Belinda Carlisle was next. She came on with an interesting selection for the 80s “Regeneration” concert: her 1991 hit “Live Your Life Be Free.”
Carlisle’s voice has something of a sweet strength to it that she can captivate her audience with her more mature tunes from her solo career and then sock them in the face with an old Go-Go’s tune with the same energy she had with the all-girl group. Interestingly, when she did her first Go-Go’s track, she did not mention the band by name, only referring to it as “that band I was in…and I’m not in sometimes” before going into “Vacation.” Carlisle had been criticized by purists for the softer Adult-AC style she adopted throughout her solo career, and she had a bit of a sense of humor about it when introducing “Circle In the Sand,” announcing it as the one “heard in stores and elevators all over the country.” All of the women in the section I was sitting in that at the Regeneration Tour were into Belinda’s music so much that one would deduce that they would not mind riding some of those elevators for long periods of time as long as her music would be playing. She mixed the later work with the Go-Go’s classics very well and closed out with “Heaven,” which might have been the song that marked the true maturation of Carlisle’s career.
The intermission before the Human League came on was a bit longer than the others, as the tour crew had to move several synthesizers onto the stage as well as a video display on the back wall. When it was time, the place went dark, the lights went on and the video started with Joanne Catherall and Susan Ann Sulley singing the familiar intro to “Mirror Man.” Phil Oakey came out with a long black trench coat over a cool suit and sunglasses assuming the lead.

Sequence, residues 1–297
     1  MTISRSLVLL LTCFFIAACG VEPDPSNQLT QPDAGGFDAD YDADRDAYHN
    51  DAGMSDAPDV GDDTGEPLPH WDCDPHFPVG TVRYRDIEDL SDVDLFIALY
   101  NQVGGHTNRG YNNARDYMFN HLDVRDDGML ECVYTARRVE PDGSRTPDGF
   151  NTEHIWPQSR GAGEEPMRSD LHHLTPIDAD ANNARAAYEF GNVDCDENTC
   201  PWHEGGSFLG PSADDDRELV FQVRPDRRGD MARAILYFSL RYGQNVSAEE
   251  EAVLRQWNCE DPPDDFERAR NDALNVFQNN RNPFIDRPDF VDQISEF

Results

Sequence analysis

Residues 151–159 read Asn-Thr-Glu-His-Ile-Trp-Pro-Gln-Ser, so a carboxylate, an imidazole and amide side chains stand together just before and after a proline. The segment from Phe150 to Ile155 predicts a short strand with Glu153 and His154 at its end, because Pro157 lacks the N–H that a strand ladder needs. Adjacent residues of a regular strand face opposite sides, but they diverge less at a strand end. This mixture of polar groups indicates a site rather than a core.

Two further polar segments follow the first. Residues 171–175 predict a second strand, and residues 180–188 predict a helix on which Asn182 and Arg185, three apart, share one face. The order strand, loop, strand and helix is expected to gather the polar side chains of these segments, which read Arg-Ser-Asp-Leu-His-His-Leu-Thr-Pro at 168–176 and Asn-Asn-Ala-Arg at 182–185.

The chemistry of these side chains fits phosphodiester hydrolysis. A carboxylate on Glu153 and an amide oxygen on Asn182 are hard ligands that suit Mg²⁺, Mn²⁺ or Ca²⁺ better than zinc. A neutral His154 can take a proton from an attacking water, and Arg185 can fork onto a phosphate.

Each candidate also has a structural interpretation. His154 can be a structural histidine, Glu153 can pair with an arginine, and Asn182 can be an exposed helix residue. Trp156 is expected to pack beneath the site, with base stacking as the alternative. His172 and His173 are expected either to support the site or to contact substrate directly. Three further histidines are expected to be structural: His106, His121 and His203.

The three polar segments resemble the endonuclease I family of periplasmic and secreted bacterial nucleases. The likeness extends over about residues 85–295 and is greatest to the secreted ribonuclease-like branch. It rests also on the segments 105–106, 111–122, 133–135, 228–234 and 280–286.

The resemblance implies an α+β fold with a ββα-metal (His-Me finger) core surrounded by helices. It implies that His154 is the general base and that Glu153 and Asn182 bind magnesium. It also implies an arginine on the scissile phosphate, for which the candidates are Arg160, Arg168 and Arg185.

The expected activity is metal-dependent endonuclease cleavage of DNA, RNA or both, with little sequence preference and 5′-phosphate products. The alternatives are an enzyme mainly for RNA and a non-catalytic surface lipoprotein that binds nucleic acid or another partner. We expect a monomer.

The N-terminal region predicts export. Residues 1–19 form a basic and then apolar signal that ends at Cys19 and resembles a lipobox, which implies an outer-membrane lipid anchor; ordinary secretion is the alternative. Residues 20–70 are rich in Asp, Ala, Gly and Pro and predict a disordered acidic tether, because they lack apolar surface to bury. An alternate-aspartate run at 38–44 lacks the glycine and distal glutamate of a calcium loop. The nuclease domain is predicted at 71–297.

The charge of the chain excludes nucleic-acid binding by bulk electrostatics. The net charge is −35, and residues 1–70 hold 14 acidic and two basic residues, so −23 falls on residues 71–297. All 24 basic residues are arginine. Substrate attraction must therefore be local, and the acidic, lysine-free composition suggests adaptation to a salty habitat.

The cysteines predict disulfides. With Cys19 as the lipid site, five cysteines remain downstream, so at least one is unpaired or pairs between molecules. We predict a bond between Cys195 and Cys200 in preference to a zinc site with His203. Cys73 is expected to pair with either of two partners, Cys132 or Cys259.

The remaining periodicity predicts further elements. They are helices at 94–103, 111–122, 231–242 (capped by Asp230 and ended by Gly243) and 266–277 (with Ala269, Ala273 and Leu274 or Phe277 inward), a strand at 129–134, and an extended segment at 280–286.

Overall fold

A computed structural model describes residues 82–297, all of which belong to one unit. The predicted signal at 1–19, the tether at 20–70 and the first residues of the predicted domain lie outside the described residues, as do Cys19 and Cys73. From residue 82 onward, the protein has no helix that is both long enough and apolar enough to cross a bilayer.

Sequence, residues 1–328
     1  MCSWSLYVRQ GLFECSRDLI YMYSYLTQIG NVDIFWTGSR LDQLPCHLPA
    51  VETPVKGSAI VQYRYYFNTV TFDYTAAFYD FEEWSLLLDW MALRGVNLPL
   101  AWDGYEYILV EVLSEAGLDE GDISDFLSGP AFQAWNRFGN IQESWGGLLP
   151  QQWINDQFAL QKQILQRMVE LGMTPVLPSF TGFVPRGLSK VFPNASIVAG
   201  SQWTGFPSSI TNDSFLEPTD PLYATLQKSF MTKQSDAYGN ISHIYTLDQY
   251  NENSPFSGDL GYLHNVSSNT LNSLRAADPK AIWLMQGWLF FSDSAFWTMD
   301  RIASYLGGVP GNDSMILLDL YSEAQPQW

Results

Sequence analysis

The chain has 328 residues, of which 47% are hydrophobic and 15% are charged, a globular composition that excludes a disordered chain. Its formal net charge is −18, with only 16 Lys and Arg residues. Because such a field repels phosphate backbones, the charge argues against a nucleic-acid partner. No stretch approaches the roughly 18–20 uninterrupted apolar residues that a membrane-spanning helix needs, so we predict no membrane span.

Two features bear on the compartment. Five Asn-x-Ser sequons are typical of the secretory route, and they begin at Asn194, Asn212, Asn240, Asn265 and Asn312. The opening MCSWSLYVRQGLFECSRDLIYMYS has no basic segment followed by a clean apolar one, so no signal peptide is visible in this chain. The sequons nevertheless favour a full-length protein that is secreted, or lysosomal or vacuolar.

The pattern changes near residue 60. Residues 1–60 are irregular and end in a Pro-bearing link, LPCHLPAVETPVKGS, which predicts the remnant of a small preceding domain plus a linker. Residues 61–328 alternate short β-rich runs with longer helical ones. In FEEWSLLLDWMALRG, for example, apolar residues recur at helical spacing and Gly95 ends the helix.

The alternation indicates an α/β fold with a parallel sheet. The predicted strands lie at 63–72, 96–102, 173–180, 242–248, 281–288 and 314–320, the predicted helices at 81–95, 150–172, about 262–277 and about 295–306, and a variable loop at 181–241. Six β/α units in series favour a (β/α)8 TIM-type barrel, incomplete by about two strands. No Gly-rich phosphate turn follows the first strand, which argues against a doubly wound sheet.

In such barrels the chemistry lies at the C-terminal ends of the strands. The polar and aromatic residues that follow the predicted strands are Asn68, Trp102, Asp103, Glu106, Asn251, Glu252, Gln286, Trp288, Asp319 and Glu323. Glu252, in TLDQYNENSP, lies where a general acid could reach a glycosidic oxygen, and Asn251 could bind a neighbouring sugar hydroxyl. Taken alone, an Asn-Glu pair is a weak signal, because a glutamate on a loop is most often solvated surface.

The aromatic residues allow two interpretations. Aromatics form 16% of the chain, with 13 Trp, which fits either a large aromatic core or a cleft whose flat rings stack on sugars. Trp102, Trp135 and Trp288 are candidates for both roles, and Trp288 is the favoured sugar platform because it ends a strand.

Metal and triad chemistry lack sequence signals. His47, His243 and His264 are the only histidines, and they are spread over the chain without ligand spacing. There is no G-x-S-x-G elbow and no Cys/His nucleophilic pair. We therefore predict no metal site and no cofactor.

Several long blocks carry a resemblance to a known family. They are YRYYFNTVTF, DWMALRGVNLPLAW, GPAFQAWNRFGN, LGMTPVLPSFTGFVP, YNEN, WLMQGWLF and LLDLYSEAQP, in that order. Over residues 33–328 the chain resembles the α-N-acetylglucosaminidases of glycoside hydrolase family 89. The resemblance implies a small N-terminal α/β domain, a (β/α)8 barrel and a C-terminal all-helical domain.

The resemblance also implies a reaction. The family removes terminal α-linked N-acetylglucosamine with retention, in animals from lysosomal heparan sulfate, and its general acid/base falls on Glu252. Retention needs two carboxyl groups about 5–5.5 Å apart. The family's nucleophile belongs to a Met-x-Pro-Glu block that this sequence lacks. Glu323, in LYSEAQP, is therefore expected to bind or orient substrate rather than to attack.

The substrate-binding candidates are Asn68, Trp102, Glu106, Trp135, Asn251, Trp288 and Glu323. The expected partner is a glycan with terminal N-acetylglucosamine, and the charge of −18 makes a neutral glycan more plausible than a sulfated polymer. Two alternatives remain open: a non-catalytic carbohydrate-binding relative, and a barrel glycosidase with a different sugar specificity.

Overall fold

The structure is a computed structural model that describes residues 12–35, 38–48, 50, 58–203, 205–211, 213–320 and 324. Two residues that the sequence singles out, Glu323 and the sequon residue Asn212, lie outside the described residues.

Like Martin Fry, Oakey has a stage presence that commands attention, which accounts claim is a main reason he was recruited into the band in the first place. Oakey’s movements were direct and perfectly styled with each selection, from the dance hits “Will I See You Again” and “Love Action” to the pop-chart toppers “Don’t You Want Me” and “Fascination,” which featured a quick outfit-change from Catherall and Sulley. When performing “Fascination,” Oakey did not bring in a second male singer to cover the parts originally sung by Philip Adrian Wright; he performed both parts very well, but that might have kept the vocalist from going as deep as he used to when he sang his famous lines: “and then the conversation turned/when the sun went down…”
The Human League also captivated the audience with their cult classic “The Lebanon” before slowing down to a smooth rendition of “Human.”
The entire Regeneration Tour concert at Jones Beach was a great success and nice mix of bands and tracks appealing to both mainstream and alternative new wave tastes.
The Regeneration Tour 2008’s North American dates run through August 31st. Tickets and general information on the concert series can be found on the official tour website.